If you could travel through time, where would you go?
It was a question I heard on the wind. A question so clear, I turned to see if there was someone walking on the path behind me, whispering, breathing down my neck.
I heard it on the wind, I saw it in print, I felt it in my dreams. It surrounded me for weeks.
The moment I answered, the moment I thought, “I would travel back to the beginning if I could,” I imagined being whisked away as though on fairy wings.
The feeling, akin to falling asleep, was soft and passed quickly. Before I had a chance to blink, I had touched down softly in the night, on a scrubby, deserted plain. The stars spilled across the sky overhead in the ancient brilliance of a pre-lit world.
My quest had begun.
I would wander Sumer, Ur, Nippur, Jerusalem, Alexandria, Athens, Phoenicia, Rome, the shores of France, and up into the land of the Angles and the Saxons, the land of Picts, and across the Celtic islands.
And at the end of my wanderings, would the mysteries of civilization, of religion, of humanity be any closer to being solved?
I’ll let you know when, one day, I return, with my head full of all I have seen.
If you could travel through time, where would you go?
I would go back in time, not forward. Back to the beginning.
I would choose to see first hand the founding of civilizations. I would go back to when pre-history became history.
I have dreamed of walking though the ancient civilizations I learned about in school. I have cherished my daydreams from fifth grade, tenth grade, from university, daydreams about what it would be like to have been there, to have seen the ancient world, to have breathed the air, to have seen how it all began.
In the absence of any possibility of walking through history, I have instead devoured history books, books about myths, belief systems, religions. I took courses dealing with these subjects while at university, though they were not really related to my major.
I have maintained this interest, too, though the subsequent years. I have continued to read both fiction and non-fiction, myths and legends and academic studies. And we have a few antiquities in our home, items my husband has carefully selected and gifted to me, knowing how much I revere them, their origins, the way they allow me to reach out and touch a small, distant piece of history. I imagine an ancient Egyptian holding the alabaster vase, an ancient Roman drinking from the wine cup, a Mesopotamian transcribing the list of a merchant’s wares onto the clay tablet.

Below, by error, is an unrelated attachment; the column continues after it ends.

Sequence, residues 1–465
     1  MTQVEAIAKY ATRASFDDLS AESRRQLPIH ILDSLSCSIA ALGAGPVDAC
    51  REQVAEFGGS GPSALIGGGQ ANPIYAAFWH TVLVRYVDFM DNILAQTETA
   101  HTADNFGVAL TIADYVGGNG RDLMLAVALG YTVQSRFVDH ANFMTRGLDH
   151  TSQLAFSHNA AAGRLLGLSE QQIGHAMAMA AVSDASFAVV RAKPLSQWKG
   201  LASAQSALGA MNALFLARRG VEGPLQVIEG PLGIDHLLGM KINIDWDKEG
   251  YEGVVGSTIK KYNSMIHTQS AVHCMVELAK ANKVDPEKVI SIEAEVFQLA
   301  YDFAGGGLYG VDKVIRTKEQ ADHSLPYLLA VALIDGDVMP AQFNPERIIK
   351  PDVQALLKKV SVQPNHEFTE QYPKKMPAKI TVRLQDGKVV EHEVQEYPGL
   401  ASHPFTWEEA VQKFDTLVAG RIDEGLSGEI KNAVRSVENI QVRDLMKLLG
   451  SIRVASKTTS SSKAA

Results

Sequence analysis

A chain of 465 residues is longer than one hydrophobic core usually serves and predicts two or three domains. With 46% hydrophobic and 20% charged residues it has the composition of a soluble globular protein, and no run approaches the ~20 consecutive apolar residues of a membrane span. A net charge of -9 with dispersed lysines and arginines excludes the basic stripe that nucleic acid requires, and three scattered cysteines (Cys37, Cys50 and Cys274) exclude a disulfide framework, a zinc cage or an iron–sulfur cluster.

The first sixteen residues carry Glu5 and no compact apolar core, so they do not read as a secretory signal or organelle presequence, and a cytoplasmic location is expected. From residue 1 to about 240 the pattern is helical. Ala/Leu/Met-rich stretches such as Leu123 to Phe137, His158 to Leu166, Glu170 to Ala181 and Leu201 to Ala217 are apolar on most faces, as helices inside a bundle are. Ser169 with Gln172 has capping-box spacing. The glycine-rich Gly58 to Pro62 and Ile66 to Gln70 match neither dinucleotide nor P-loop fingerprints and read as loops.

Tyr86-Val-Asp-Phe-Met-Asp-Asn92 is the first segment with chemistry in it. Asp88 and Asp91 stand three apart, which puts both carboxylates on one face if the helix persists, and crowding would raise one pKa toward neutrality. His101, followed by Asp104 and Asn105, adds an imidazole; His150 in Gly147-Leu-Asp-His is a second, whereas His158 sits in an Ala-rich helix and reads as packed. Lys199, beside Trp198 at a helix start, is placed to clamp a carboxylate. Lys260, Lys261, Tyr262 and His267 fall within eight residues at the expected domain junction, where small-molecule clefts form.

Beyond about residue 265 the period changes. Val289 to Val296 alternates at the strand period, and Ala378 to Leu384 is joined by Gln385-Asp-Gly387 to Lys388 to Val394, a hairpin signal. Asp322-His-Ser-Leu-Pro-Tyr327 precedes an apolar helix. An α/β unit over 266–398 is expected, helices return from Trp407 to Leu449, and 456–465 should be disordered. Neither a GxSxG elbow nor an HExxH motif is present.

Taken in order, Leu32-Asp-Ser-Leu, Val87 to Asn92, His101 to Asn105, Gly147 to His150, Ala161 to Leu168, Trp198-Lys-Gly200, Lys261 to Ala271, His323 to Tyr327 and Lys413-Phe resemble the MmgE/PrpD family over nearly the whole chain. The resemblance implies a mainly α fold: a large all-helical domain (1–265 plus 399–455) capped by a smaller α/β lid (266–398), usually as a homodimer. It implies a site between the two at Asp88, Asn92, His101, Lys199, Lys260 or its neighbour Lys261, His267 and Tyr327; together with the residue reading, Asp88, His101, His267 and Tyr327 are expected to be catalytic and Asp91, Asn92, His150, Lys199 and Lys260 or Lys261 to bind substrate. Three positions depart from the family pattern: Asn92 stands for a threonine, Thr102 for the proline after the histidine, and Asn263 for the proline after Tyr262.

What is it about ancient history that piques my curiosity and fires my imagination?
It is the unknown, the unsolvable, the perfect, never-ending mystery.
I seek to know and understand the mysteries of civilizations which can never fully be known or understood, which are lost in time. To see language and writing develop. To know and understand the how and why, the ageless mysteries behind the mystical beliefs the ancients held, to witness the formation of religions, to watch as belief systems developed, as early people struggled to explain the inexplicable.
To have a heightened anthropological understanding of humanity.
I have written before that this may be my religion. For many atheists, science is what they hold onto. And I do certainly explain the mysteries of the universe through science. But I think for me, more than science, my religion is history.
I continue to search for greater insight into the primeval aspects of humanity’s deepest need to believe. Watching it happen is the only way one could ever fully fathom how humans have survived and evolved, how they think and construct beliefs. We can study and guess and try to piece the mystery together, but without being there, we can never see into the deepest aspect of who we are, though we may try.
I think that many religions seek to answer this very question-who we are and why we are here-though many would rely on faith in place of a concrete answer. But for me, faithless, being there is the only way to know for sure.
I am currently reading Ancient Iraq by Georges Roux, slowly absorbing the story of Mesopotamia, one of my favourite places and eras in history. I specifically enjoy reading about the pantheon of early gods and comparing them to those from other cultures and religions. Belonging to no particular religion makes it easier, possibly, to see the similarities between many religions. It is partially why, once upon a time, I read quite a bit about Madame Blavatsky‘s Theosophy, something that also spoke to the great minds of W.B. Yeats, Emily Carr, and countless others.
Interestingly, Roux explains that to live for as long as possible, happily and comfortably and healthily, was the greatest hope for an ancient Mesopotamian. This is what they appealed to their gods for. The here and now. They strived to live life to its fullest for they recognized that it is not long. They sought to make the most of it.
This is quite different from the many religions with which we are familiar today. Those that promise an afterlife of varying descriptions, depending on how one lives their short time on Earth. The reward, then, was life. The reward now is eternity in Heaven, or some equivalent.
If I could, I would travel back in time to observe. I would listen to the voices of ancient Egypt or prehistoric Ireland. I would watch Abraham and Isaac, or Muhammed, I would wander in the desert, stand in a temple of Athena or Isis, watch how the earlier beliefs metamorphosed into what they have become. I would watch that Sumerian press the tip of a reed into the wet clay and see that first writing being written.
I would watch as everything began, everything modern people work so hard to try to unravel today.